One of the first things I came across when I was researching the Blacksburg area was the Huckleberry Trail and as soon as I got here, I became obsessed with finding it, so we could ride/run/walk on it. We tried to follow the signs to it from downtown one day, but had no luck, so the next morning, I set out to find it on my daily run. We had been so close the day before–just one street over!
So the next day, Jeff and I grabbed our bikes and hit the trail. The trail runs about 6 miles from Blacksburg to Christiansburg, and definitely reminds me of the Bob Jones Trail in Avila Beach. Although this trail drops you off at the New River Mall instead of the beach, but at least the trail itself is gorgeous!
One of the wonderful things about the east coast is that there always seems to be a long history behind everything, the Huckleberry Trail included. According to the trail website,
The Huckleberry Trail has deep roots and a long history in providing transportation between Blacksburg and Christiansburg.
It began as the Virginia Anthracite Coal and Rail Company in 1902 to transport coal from the Merrimac Mine (now the location of the Coal Miners’ Heritage Park) to the Cambria Depot in Christiansburg. In 1904, the railway was extended to Blacksburg (the depot was located at approximately the site of the current Montgomery/Floyd Regional Library) and a contract was made between the coal company and Virginia Tech. On September 15, 1904, the first passenger train rolled into Blacksburg.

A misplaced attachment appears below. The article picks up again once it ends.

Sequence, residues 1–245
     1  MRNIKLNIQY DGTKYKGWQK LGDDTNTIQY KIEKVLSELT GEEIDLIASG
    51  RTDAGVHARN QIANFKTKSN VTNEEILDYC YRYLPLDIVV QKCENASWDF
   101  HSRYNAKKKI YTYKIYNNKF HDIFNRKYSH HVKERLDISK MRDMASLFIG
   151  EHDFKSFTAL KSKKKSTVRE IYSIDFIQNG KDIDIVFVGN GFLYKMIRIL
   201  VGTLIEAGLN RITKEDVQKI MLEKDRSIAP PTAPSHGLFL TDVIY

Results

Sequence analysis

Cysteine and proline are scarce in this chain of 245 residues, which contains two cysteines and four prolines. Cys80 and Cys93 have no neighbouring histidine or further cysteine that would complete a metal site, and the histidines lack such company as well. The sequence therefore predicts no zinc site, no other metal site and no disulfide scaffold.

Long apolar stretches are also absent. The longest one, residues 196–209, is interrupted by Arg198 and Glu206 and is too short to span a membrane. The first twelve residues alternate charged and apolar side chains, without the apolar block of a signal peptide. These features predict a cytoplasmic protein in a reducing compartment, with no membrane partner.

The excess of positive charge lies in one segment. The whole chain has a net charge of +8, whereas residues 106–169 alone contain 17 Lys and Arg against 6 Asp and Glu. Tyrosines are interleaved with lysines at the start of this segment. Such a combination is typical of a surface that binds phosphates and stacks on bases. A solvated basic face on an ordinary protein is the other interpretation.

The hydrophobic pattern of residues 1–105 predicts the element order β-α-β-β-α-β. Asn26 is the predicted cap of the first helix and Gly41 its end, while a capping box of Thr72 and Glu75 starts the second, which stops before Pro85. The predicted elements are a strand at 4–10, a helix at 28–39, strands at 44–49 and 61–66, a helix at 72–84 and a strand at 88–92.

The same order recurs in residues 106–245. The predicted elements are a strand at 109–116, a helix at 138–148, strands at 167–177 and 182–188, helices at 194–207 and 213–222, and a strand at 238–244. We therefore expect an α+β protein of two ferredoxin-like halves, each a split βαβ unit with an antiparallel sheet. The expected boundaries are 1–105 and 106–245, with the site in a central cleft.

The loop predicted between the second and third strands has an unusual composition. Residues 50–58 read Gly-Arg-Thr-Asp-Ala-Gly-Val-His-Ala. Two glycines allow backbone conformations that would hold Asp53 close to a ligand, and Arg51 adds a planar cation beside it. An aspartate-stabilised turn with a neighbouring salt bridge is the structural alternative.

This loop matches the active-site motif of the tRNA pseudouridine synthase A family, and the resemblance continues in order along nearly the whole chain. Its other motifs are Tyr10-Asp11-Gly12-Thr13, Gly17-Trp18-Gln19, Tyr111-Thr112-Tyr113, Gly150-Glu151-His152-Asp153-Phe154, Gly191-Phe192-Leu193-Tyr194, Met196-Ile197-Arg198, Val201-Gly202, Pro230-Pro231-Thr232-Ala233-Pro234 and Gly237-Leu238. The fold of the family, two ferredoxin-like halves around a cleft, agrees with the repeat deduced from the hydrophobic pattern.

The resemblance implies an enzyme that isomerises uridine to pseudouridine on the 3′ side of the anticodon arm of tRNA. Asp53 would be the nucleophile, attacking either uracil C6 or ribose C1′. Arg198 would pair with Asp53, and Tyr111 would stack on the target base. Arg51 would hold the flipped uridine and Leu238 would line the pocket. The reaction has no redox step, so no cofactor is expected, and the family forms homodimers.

The regular schedule at that time was four daily trains, with three of the trips carrying mail. Passengers could make the trip from Cambria to Blacksburg for 50 cents with baggage, or 35 cents without, and a round trip could be purchased for 60 cents without bags.
On September 21, 1904, the first round of cadets made their way into Blacksburg on the train. It was soon nicknamed “Huckleberry Crossing” because when the train would stall, passengers could step off the train and pass time picking the abundance of huckleberries (wild blueberries) along the route. The name stuck, and “Huckleberry Crossing” was soon painted in large letters on the depot.
From 1912 to 1922, the Huckleberry was Blacksburg’s main link to surrounding areas, but by the early 1930’s, fewer students were riding the train because of the long wait. With the use of automobiles increasing, the Huckleberry’s passenger service was cut to twice a day in the 1940’s and then once a day in the 1950’s.
On July 25, 1958, the Huckleberry made it’s last steam run and operated on power until August 9, 1958. In the summer of 1966, the Blacksburg depot was closed.
Thanks to the vision of J.C. Garrett of the horticulture department at Virginia Tech, the Huckleberry would not be lost. In 1966, he and others worked to transform the train path into a nature trail and walking path for about one mile between the Blacksburg Library and Airport Road, the start of what would later become known as the Huckleberry Trail.
The trail also has hiking offshoots and information and displays about some of the history talked about above.
And they even have a bathroom!
Most of the pictures in this post were taken from Christiansburg towards Blacksburg.
Also, the county plans to expand the trail to include access to the national forest and further into Christiansburg, as seen here.
You can find more information about the Huckleberry Trail here!